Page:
Oil traders will pay premiums for the annual supply of most grades of Middle East crude in 2024, trade sources said, on concerns over supply from the region after the Israel-Gaza conflict heightened geopolitical tensions.
The annual deals between trading firms purchasing from producers and equity holders of Middle East crude were mostly concluded by the start of this week, nearly a month since the conflict between Israel and Hamas militants broke out, which has sparked fears of a contagion in the region and made global oil prices volatile.
The Middle East accounts for a third of global oil production.
Volatility in oil markets may have driven up prices for some of the cargoes sold in these annual deals, one trader said.
While premiums for most of the grades held steady, some of the Murban and Oman cargoes with 5% operational tolerance had been sold at steep premiums of 30-35 cents a barrel to their respective official selling prices (OSPs), the sources said.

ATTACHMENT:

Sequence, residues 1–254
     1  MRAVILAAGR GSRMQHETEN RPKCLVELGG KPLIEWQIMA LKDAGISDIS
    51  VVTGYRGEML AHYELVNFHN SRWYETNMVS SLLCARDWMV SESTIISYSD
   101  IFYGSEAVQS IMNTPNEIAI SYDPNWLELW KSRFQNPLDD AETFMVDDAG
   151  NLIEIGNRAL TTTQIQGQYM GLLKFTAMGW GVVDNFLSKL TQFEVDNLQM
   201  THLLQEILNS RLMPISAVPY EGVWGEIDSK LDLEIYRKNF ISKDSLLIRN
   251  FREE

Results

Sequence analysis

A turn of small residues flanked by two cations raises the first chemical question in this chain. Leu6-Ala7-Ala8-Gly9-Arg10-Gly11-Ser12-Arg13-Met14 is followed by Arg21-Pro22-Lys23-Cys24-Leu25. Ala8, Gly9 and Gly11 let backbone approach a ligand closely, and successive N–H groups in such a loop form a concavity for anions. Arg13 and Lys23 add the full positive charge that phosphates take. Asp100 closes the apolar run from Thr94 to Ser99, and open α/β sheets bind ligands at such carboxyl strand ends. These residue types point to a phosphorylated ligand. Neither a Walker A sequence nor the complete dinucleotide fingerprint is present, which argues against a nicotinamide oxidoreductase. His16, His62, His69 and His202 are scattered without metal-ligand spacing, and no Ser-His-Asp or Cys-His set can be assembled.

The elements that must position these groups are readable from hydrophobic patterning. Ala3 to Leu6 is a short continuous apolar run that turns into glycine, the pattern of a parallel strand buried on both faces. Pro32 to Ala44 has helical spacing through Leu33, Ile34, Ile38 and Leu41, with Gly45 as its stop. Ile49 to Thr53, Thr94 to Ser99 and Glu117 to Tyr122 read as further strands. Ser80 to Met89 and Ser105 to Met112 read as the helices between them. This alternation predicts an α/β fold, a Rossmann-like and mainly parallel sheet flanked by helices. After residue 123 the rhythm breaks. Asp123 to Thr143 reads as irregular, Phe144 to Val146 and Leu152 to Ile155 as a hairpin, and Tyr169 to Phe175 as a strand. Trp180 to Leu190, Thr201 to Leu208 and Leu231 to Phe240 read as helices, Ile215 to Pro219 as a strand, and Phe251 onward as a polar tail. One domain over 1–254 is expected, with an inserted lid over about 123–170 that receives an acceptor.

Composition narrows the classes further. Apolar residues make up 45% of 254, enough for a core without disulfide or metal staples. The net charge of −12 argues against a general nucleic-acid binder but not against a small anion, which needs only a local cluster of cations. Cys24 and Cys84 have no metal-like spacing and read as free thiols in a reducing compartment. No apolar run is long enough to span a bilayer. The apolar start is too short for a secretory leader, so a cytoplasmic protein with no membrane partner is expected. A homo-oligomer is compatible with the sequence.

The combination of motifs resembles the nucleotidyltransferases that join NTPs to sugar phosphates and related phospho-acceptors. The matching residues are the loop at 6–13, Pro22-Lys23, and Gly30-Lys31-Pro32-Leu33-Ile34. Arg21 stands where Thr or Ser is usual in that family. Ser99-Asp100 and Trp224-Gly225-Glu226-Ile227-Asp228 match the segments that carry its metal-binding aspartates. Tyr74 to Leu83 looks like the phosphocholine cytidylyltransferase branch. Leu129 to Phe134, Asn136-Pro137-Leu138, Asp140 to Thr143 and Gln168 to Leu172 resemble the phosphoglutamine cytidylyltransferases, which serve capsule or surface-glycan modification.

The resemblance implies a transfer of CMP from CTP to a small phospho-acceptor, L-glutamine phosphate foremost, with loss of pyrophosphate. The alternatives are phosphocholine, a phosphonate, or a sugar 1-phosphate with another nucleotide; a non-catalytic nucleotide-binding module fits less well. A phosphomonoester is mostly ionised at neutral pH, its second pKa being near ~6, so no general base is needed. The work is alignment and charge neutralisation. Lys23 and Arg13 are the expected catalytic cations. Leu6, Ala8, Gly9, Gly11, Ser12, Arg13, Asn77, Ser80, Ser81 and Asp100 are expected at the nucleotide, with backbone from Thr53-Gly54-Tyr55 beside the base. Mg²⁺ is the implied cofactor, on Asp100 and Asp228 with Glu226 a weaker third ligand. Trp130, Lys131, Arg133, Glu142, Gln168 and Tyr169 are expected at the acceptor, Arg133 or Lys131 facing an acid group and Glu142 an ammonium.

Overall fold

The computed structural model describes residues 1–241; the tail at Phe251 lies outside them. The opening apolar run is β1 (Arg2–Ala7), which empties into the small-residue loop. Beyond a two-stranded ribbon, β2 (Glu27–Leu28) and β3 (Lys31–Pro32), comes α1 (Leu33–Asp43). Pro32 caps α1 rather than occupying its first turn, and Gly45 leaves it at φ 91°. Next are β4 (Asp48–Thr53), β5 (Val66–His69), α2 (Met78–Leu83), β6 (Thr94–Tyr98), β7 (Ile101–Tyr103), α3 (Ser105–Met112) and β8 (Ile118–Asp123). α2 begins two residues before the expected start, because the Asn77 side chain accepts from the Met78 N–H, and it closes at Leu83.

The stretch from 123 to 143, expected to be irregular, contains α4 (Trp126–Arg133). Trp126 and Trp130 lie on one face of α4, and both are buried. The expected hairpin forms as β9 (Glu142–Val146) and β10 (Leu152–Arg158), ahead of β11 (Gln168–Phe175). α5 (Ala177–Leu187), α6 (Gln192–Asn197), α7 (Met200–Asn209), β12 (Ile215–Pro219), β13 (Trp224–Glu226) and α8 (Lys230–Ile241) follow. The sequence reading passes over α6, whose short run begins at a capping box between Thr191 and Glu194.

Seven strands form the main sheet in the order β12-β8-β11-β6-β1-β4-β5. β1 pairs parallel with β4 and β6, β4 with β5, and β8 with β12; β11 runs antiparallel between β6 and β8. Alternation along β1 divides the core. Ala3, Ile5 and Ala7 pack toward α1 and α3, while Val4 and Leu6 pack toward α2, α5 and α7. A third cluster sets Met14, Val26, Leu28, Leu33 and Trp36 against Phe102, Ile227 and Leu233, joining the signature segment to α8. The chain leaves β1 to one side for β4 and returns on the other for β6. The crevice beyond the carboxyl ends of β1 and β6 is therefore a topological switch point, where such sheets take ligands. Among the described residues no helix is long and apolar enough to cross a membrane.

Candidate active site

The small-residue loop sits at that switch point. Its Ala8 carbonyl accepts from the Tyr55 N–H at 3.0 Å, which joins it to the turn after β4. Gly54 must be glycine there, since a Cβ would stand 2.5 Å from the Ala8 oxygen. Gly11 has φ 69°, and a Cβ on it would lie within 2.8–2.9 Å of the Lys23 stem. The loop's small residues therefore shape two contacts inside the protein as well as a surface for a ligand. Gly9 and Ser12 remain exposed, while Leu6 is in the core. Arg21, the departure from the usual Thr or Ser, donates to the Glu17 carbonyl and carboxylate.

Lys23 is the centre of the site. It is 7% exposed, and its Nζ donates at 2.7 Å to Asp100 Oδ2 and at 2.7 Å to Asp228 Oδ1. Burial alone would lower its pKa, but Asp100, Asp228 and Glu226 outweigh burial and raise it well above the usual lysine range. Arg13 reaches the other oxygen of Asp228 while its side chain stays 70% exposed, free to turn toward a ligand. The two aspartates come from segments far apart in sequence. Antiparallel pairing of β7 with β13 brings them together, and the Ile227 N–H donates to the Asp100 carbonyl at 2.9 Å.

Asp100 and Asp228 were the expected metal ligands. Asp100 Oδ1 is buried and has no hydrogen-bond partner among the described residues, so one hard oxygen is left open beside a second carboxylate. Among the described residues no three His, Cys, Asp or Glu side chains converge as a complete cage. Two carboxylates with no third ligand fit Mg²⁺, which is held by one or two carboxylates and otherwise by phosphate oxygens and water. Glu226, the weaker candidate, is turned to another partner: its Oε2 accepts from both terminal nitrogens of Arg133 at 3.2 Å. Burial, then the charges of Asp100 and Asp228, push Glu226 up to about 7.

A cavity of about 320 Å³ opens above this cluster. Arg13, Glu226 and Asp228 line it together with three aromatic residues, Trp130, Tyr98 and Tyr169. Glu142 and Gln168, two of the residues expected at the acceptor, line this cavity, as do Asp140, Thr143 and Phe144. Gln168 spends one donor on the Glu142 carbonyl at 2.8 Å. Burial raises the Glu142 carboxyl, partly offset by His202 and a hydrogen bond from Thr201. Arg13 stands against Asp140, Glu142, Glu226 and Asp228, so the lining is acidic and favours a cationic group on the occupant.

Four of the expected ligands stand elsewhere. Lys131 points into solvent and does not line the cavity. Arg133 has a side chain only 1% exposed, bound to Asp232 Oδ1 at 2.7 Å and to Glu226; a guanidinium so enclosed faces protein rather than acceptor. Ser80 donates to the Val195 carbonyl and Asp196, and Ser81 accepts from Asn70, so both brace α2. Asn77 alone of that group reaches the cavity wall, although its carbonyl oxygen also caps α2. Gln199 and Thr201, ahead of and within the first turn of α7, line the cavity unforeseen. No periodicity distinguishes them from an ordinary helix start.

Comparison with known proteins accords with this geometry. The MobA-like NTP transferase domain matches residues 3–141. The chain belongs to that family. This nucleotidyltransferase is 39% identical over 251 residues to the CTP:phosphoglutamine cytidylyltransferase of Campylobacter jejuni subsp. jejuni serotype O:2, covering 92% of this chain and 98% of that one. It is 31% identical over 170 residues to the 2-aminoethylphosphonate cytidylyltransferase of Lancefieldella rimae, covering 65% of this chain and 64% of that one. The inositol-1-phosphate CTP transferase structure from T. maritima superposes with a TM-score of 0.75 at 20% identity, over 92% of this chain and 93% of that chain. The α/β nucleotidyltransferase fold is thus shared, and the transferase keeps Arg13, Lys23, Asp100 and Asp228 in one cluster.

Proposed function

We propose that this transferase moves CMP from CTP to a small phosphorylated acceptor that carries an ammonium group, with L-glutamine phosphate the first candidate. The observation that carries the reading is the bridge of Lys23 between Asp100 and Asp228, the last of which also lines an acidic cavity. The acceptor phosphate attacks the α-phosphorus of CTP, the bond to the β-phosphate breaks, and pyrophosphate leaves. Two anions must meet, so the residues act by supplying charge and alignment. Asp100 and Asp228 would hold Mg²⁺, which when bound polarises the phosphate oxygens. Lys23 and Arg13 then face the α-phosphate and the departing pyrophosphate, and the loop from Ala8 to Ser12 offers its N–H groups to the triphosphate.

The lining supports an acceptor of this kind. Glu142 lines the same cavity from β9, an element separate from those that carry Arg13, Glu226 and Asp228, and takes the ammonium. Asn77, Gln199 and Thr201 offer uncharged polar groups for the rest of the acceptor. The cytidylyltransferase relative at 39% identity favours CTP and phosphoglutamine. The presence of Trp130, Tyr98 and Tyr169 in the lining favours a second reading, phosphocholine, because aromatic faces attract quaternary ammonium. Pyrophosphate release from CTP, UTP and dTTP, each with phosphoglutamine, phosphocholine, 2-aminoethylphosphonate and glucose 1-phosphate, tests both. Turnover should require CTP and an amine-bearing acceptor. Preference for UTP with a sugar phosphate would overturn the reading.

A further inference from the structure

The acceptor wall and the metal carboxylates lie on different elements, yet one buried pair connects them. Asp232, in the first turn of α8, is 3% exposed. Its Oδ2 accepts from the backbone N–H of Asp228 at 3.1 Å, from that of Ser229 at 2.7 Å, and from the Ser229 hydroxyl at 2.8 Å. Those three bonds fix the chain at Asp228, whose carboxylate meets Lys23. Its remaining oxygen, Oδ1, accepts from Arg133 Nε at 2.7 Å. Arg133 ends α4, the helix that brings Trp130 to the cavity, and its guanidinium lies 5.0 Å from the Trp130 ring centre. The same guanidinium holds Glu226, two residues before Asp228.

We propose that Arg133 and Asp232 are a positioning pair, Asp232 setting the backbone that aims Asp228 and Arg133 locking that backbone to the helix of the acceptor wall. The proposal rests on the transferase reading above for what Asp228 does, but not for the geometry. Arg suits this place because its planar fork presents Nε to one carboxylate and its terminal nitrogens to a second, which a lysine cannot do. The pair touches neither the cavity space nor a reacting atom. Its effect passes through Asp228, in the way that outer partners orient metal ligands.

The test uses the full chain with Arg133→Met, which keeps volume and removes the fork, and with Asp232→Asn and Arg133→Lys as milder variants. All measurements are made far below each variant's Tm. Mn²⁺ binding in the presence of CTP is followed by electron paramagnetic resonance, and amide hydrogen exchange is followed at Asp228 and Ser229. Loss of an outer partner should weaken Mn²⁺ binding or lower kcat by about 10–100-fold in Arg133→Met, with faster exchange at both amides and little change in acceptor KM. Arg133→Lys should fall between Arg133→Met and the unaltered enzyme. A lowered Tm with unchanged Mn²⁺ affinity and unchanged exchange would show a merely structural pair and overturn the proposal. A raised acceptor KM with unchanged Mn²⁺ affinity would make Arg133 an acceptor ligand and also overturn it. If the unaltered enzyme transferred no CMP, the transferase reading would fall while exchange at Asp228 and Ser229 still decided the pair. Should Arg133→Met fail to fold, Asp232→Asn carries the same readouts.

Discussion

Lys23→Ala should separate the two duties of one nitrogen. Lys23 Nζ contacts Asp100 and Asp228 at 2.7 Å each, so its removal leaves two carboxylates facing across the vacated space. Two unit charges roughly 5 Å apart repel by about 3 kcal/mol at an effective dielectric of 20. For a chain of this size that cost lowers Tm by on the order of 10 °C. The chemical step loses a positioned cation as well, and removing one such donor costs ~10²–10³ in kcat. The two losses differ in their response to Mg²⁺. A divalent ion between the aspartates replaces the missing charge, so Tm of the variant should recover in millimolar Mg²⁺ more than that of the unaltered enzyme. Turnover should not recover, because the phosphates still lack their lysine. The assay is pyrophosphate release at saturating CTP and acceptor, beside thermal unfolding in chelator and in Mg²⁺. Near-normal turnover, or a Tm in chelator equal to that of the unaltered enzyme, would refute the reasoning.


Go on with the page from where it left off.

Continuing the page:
Operational tolerance is the percentage volume that the buyer or the seller could adjust during the loading of the cargo, depending on demand and shipping logistics.
For cargoes with an operational tolerance of 0.2%, Abu Dhabi’s flagship Murban crude are priced at between 10 and 12 cents a barrel to their OSP while Oman was sold at premiums of 4-5 cents a barrel, the sources said.
Another Abu Dhabi light grade Das, with the same operational tolerance level, was traded at premiums between 1 and 7 cents to its OSP, one of the sources said.
Supply of Upper Zakum crude, the medium Abu Dhabi grade, swung between small discounts and small premiums to its OSP for cargoes with 0.2% operational tolerance, the sources said.